I really think the problem is with the coding for the existing arrangement. Surely anything that produces an answer (with minimal editor input) that is frequently criticised as wrong is, in itself, wrong. If the default gave more accuracy, but the editor felt that an excessive number of decimal places was shown, then that should trigger the editor to do something about it. Conversely, at the moment, the editor needs to double-check the convert facility every time it is used, which rather defeats the object of having this facility. I hesitate to throw an accusation at diligent and hard-working editors, but I suggest that convert template experts need to step outside their own universe and look at what the ordinary editor needs to assist them in making Wikipedia a better encyclopedia. Editors who are more interested in content than "how to edit" are those who will have useful material to add, but need tools that do not impose an unnecessary learning requirement.
ThoughtIdRetired (talk)
I suspect that there are an equal number of editors, like me, who regularly see the default providing too many significant figures and have to force the precision down, but who understand the template so don't come here to complain.
@ThoughtIdRetired: could you give some real examples of when the template should produce greater precision, other than when a definition is being given? My experience is that numerical illiteracy is widespread (for which education systems not editors should be blamed) and over-precise non-template conversions are common. Peter coxhead (talk) 14:59, 8 February 2018 (UTC)
In this case, it's when converting from a US unit to a non comparable metric unit. For example 5 inches to millimeters. 5 inches (13 cm) is right but not 5 inches (130 mm). When converting inches to millimeters - a non comparable metric unit - it implies that we want greater precision. Same thing for liquid capacity: 1 US gallon (3.8 l) is correct, but not 1 US gallon (3,800 ml). The RedBurn (ϕ) 08:31, 9 February 2018 (UTC)
Convert is for real-world values that have (almost always) been measured. Converting 5 inches to 127 mm would be an example of false precision. Johnuniq (talk) 10:10, 9 February 2018 (UTC)
Indeed, when converting the (manufacturer given) smartphone screen size from inches to mm, the precision is limited to a tenth of an inch (2.54 mm). However, instead of showing falser precision by rounding the millimeter value, I'd prefer Convert to override the mm preset and show the result in cm, which would be clearer and avoid misleading both the reader and the unexperienced (at least about this template) contributor. The problem here lies in the choice of the target unit (mm instead of cm) by the contributor. Sadly it seems like I'm talking to a brick wall as nobody here seems to be accustomed to everyday metric units usage. The RedBurn (ϕ) 11:33, 10 February 2018 (UTC)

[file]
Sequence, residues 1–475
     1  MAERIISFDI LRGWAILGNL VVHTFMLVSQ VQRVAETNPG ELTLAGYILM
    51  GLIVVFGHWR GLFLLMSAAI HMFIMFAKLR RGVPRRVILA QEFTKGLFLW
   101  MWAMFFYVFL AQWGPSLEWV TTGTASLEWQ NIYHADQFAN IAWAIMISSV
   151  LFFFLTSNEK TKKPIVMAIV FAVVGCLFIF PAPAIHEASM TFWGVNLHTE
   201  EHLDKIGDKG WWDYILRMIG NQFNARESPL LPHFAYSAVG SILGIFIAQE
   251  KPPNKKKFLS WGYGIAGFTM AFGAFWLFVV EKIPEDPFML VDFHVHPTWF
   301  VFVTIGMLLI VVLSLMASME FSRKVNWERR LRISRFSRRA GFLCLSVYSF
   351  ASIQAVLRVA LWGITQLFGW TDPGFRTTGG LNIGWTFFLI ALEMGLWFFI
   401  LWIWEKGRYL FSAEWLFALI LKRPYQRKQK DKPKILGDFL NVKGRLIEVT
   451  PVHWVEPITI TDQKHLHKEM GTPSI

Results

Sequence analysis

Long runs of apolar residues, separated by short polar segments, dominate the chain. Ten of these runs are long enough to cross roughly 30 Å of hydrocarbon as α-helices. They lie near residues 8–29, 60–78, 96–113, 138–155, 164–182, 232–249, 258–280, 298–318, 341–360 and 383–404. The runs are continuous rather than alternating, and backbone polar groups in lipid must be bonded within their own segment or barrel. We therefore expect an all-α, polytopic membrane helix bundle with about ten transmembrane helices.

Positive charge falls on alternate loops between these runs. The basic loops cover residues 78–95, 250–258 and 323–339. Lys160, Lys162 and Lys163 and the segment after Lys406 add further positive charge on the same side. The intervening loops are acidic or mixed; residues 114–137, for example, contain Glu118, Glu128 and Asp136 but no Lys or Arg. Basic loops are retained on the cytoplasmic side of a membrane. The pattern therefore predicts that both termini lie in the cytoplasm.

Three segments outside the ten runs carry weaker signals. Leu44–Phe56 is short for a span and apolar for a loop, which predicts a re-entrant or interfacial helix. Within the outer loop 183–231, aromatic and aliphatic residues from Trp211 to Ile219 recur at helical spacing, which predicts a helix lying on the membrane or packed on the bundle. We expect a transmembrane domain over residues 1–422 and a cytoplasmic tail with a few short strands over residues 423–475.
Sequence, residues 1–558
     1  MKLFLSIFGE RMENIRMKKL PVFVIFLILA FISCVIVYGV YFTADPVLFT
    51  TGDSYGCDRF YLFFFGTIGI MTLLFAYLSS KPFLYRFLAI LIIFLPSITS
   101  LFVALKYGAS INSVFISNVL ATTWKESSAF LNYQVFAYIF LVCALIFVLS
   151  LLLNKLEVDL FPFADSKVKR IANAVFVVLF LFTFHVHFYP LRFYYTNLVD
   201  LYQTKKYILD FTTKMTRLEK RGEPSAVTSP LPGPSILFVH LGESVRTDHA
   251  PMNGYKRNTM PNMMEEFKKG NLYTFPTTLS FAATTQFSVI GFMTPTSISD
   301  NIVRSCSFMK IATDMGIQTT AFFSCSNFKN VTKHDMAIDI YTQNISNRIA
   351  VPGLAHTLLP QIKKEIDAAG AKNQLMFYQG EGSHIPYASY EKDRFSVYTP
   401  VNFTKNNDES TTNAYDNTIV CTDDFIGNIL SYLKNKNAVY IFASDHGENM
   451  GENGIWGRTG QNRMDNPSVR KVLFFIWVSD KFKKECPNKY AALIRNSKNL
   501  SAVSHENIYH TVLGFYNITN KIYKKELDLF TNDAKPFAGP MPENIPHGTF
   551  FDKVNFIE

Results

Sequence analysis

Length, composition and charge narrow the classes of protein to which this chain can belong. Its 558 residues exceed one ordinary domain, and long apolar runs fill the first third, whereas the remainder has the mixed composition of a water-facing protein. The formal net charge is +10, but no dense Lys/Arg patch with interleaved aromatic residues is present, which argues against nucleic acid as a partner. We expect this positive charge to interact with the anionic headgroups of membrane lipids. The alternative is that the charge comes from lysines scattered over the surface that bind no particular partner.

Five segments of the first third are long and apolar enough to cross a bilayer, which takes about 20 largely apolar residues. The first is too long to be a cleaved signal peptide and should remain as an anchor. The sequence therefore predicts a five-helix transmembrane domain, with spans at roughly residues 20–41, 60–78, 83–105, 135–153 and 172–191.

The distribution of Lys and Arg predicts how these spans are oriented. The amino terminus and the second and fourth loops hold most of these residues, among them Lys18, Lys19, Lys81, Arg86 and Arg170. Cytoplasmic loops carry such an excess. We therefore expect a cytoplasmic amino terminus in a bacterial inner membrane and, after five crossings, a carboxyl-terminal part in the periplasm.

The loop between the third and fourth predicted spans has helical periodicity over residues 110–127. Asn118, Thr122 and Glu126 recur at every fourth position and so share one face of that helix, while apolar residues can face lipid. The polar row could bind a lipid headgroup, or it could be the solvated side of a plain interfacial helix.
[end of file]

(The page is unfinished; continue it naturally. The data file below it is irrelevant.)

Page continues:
Part of the problem may be an ambiguity with trailing zeroes. Is 80 mm the same as 8 cm, or does it imply a greater precision? It's the same issue that makes 89 miles (143 km) appear further than 90 miles (140 km) if you're driving in metric. Certes (talk) 11:57, 10 February 2018 (UTC)
If your question isn't rhetoric, yes I think in most cases 80 mm does imply greater precision. Otherwise, the use of mm is incorrect. So the 90 mm Gun M1/M2/M3 isn't the same caliber as the 8.8 cm Flak 18/36/37/41. The current behavior of the template is based on the thinking that 90 mm is the same as 8,8 cm, but it's not. About your miles to km example, since these are units of comparable size (much less than a factor of 10), and since the starting US unit could have been rounded, that result is expected. The RedBurn (ϕ) 13:10, 12 February 2018 (UTC)
No rhetoric; just trying to help find a good answer. So "80 mm" probably means 79.5—80.5 mm, because the alternative interpretation of 75—85 mm might have been better expressed as "8 cm". How about "80 g": does this mean 79.5—80.5 or 75—85? Does the fact that no one would express that as "8 decagrams" make a difference? But I expect these questions have been asked before and there are no definitive answers. Certes (talk) 16:07, 12 February 2018 (UTC)
Perhaps best not to try to debate suitability of any particular rounding convention in this particular subsection; I think DePiep's intention was to highlight that we need to describe better the existing convention that the default behaviour implements. Also, if there is to be another convention to be considered, the section title "Default rounding bug" is not suitable. —Quondum 17:09, 12 February 2018 (UTC)